Keion Brooks Jr. may be in the transfer portal, but don’t ask him which schools are recruiting him. He doesn’t know.
“I couldn’t even tell you who’s recruiting me or who’s reaching out because I just let my parents handle it all,” Brooks told reporters Monday.
Brooks is one of seven players at this year’s G League Elite Camp who is also in the transfer portal. An eighth, South Dakota State guard Baylor Scheierman, signed with Creighton in the days leading up to the camp. There are also three players who earned NBA draft combine invites who are still in the portal. These players don’t just have to decide whether they want to stay in the draft; they also have to decide where to play next season if they head back to college.
These hoops stars in limbo are the latest illustration of a new world in men’s college basketball, driven mostly by the one-time transfer exception that allows players who enter the portal by May 1 to be immediately eligible at their new schools. With the NCAA’s deadline for players to withdraw from the NBA draft and remain eligible not until June 1, several players whose decisions could go either way put their names in the portal to keep all options open.
“It would be stupid of me to think that this process is going to go exactly how I want it to go,” says Pete Nance, who entered the portal just before the deadline. “Literally all options are on the table. … I wanted to protect myself and be able to make the best decision.”
Nance says he’s “100% focused” on the draft process, so much so that he is labeled as “do not contact” in the transfer portal and has no interest in talking to schools until he decides whether to turn pro this year. And while Nance says that hasn’t totally stopped schools from trying to reach out, fellow portal-or-draft prospect AJ Green quipped “smart!” when he heard of Nance’s plan to avoid distractions.
Of course, Green, the defending Missouri Valley Player of the Year, would have less luck trying to stop the endless barrage of calls and texts from coaches. One of the main college coaches recruiting him: his father Kyle, an assistant at Iowa State.
“At times, he’ll be like ‘We’ve got one scholarship; if you know someone who can shoot it and score, let me know,’” AJ Green says.
Being recruited at the highest level can sometimes feel like a full-time job, with constant Zoom calls, FaceTimes and texts coming in from teams in need. And any player good enough to be on the fringes of NBA draft boards is a potential game-changer at the college level, so it’s no surprise players’ phones have been blowing up. But with the Elite Camp and combine essentially serving as the interview for these players’ dream jobs, there isn’t much time to focus on the portal. That’s why Nance is saving all potential chats with college suitors until June and Brooks is letting his parents handle NCAA coaches who reach out. Green was upfront with coaches whom he felt didn’t fit what he was looking for early on and says he’s only considering two portal options: Iowa State and Duke. And other than some jokes from his dad, the guard says teams have been mostly understanding of his desire to focus on the draft first.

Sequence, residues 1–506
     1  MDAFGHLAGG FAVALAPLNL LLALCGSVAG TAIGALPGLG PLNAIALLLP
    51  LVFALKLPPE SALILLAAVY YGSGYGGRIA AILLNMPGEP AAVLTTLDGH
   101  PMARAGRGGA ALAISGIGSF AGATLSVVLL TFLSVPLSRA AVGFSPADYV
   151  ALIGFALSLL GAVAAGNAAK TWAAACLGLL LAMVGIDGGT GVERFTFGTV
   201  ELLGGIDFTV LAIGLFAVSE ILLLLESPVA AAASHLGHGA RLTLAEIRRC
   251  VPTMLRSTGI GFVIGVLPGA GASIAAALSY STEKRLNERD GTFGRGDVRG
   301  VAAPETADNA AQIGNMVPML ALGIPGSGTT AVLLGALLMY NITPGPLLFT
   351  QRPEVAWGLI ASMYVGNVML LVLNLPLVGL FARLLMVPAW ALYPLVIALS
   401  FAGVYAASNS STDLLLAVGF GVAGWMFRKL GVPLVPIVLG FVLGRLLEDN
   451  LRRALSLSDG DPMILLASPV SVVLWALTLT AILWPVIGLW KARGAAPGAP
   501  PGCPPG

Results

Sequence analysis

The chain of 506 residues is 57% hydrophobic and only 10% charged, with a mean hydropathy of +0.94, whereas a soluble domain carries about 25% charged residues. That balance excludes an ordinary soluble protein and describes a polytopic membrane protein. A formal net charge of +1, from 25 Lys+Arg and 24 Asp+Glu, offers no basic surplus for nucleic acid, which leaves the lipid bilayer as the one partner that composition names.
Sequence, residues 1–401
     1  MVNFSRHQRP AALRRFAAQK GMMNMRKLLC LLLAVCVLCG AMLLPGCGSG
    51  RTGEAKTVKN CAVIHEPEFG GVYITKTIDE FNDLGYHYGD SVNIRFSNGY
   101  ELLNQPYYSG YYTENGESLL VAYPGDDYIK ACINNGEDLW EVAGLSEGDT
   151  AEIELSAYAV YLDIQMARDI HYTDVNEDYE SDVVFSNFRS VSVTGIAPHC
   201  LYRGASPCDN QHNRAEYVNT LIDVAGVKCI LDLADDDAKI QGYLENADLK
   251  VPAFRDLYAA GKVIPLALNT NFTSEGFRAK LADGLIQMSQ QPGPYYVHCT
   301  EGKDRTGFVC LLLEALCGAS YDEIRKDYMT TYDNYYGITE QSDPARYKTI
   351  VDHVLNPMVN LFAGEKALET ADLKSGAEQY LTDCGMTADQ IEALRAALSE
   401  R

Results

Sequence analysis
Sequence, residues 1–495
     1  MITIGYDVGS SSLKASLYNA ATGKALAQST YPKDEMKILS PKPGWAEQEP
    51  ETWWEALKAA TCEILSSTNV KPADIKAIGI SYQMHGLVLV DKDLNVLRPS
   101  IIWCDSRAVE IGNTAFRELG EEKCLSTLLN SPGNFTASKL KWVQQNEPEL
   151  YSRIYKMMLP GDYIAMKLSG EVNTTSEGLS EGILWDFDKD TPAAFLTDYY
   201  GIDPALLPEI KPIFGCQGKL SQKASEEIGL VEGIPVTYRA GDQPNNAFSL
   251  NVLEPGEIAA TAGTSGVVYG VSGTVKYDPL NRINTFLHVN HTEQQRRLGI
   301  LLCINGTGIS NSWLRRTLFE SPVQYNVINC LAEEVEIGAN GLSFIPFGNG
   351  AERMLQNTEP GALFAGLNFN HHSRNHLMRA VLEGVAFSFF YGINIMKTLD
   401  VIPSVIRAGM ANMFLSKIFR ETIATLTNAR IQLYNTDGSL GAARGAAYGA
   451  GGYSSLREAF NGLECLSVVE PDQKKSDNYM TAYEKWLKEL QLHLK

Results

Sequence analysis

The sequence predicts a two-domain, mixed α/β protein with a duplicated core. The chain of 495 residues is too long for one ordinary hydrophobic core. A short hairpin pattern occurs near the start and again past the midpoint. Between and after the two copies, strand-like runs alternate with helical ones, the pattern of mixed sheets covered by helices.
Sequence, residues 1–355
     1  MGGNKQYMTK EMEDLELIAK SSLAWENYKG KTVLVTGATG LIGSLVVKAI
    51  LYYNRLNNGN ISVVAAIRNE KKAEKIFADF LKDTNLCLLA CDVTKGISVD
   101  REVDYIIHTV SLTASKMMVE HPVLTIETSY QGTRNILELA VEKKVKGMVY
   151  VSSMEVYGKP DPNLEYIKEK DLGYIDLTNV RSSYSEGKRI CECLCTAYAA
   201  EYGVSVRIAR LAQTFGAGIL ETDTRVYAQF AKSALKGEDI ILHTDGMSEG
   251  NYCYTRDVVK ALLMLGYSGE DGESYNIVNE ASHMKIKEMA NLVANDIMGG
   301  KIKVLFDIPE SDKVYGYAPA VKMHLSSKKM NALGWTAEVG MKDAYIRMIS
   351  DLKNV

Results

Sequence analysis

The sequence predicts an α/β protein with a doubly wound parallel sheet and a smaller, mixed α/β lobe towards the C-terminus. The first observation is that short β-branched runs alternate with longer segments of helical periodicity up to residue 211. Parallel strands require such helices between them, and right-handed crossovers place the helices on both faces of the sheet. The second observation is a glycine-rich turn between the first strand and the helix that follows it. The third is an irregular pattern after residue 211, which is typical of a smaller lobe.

“It hasn’t been too bad. I told teams that I know it’s their job to reach out, call, develop that relationship with me and I understand that, just so that we’re on the same page,” Green says.
The distraction of the recruiting process is a big reason Scheierman decided to make a college commitment for next year before the Elite Camp, even though he’s still working to improve his draft stock and turn pro this year. Despite being one of the most sought-after transfers in the history of the portal, Scheierman made his decision just eight days after entering his name, choosing Creighton after receiving calls from essentially every blueblood program in the sport.
“I’m trying to put my best foot forward right now and ultimately trying to stay in the draft,” Scheierman says. “Obviously, if I have to go back to school, I have to go back to school, but I wanted that to be done with before this week so I could completely focus on this.”
Scheierman relied heavily on his agent, Austin Walton of NEXT Sports, to handle the day-to-day of his transfer recruitment, allowing the 6'6" guard to focus on training for the draft.
“It definitely would have been a lot more crazy [without an agent], I’m not going to lie,” Scheierman says. “It was a lot anyways.”
How many of these portal-or-draft prospects actually suit up again in college basketball will likely be decided by how each player fares this week. But with lucrative NIL deals that could, in some cases, match or exceed a player’s potential pro earnings and the one-time transfer exception seemingly here to stay, living in limbo may become the new normal for players on the fringes of NBA life.
“I wanted to be fully focused on [the draft] because that’s my dream and that’s where I think I’m ready for, but at the same time, when June 1 comes around and it’s not where I want to be and I don’t have the most momentum, [college] is a great option to fall back on,” Nance says.
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